The U.S. economy is recovering, but the speed of improvement should not be overstated and "it is too early to declare victory," a top Federal Reserve policy-maker said.
Dennis Lockhart, president of the Federal Reserve Bank of Atlanta, cited weak U.S. housing markets, state fiscal pressures and the European sovereign debt crisis as risks to the recovery, underscoring the need for the Fed's $600 billion bond purchase program.
"Progress is real, but fitful, and support of accommodative Fed policy is still required, in my view," he said Monday.
He said unemployment, currently at 9.4 percent, was "nowhere near acceptable levels." A number of factors including moderate economic growth, slower business formation and productivity enhancements in the workplace were holding back job growth, he said.
At its January 27 meeting, the Fed said high unemployment still justified its $600 billion bond-buying plan even though the economy has shown some signs of improvement.
Policymakers unanimously backed continuation of the Fed's bond purchases, the first time there was no dissent since December 2009. Regional Fed presidents rotate voting on monetary policy. Lockhart will next vote in 2012.
Lockhart's view was in line with his previous comments.
He said there were "definitely hopeful signs of a sustained recovery in 2011", but added that "the appropriate outlook at this juncture is one of cautious optimism, avoiding overstatement of the likely speed of improvement."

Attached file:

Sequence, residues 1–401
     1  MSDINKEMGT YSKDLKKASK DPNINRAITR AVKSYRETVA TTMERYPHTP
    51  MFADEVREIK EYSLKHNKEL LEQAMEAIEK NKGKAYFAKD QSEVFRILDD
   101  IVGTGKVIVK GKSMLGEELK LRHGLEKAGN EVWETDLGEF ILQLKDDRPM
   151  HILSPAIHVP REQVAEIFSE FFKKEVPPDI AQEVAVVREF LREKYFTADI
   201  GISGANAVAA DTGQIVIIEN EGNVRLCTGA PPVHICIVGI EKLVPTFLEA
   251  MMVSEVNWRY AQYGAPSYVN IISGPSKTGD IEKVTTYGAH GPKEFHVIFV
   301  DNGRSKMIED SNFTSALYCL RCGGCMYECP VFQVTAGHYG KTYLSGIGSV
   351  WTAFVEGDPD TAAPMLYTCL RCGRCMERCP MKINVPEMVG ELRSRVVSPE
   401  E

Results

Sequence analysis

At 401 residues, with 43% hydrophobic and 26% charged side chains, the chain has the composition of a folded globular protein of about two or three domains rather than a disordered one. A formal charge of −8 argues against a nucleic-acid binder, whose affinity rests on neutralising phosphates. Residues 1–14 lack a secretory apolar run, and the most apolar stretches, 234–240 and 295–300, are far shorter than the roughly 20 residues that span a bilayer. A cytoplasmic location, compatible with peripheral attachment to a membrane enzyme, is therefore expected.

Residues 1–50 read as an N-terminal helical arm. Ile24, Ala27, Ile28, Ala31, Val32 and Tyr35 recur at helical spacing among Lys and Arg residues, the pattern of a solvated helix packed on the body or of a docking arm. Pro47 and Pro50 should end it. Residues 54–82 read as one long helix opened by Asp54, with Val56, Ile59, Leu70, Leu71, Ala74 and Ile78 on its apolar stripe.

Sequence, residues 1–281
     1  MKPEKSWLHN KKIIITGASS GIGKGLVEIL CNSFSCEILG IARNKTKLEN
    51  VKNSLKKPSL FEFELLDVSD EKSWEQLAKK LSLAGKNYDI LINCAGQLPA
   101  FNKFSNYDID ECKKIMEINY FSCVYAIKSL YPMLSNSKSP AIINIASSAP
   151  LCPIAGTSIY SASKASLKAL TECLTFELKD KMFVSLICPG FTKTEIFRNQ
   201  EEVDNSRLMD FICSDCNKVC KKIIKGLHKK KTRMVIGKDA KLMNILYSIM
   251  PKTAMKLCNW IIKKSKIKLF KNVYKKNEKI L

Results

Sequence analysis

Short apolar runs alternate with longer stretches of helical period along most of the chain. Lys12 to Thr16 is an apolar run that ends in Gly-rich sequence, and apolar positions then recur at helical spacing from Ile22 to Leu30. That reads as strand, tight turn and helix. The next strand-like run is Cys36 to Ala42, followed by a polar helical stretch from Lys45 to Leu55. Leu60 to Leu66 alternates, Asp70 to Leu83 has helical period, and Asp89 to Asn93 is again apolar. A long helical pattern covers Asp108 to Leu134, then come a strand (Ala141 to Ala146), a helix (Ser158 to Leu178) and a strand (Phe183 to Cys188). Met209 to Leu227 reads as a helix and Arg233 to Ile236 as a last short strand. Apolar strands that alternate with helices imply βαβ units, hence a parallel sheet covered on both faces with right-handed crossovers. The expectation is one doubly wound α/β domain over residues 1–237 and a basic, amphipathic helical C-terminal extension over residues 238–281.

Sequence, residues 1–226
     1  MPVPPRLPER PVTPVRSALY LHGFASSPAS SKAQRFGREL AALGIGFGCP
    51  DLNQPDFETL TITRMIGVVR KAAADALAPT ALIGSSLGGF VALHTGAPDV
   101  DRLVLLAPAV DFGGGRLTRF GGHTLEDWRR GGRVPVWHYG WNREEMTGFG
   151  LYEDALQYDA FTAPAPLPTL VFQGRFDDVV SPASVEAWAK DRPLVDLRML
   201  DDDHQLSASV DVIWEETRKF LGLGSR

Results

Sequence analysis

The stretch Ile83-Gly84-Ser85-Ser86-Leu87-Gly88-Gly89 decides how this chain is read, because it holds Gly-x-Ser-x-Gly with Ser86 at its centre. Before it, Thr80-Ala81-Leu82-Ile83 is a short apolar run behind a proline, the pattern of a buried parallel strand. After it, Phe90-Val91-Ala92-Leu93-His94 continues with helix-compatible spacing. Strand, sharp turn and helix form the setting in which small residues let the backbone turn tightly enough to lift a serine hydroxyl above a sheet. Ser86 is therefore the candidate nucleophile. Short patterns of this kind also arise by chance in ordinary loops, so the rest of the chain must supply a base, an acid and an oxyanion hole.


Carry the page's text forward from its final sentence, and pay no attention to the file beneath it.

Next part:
Economists at the 18 U.S. primary dealers — the large financial institutions that do business directly with the Fed — gave a median forecast for annualized growth in 2011 of 3.23 percent, according to the Reuters poll last week. That was up from an outlook of 3.10 percent growth in a similar poll on January 7.
Lockhart said inflation is currently at "lower-than-desired" rates, but the fear of deflation has abated. He said while concern about inflation is rising due to higher commodity prices, higher input costs for businesses have not translated into broader price pressures.
The Fed's calm view of price pressures is in sharp contrast to the European Central Bank, whose president has warned that the surge in commodity prices poses an inflation threat. While headline inflation has picked up in the United States, core inflation has held near a five-decade low.
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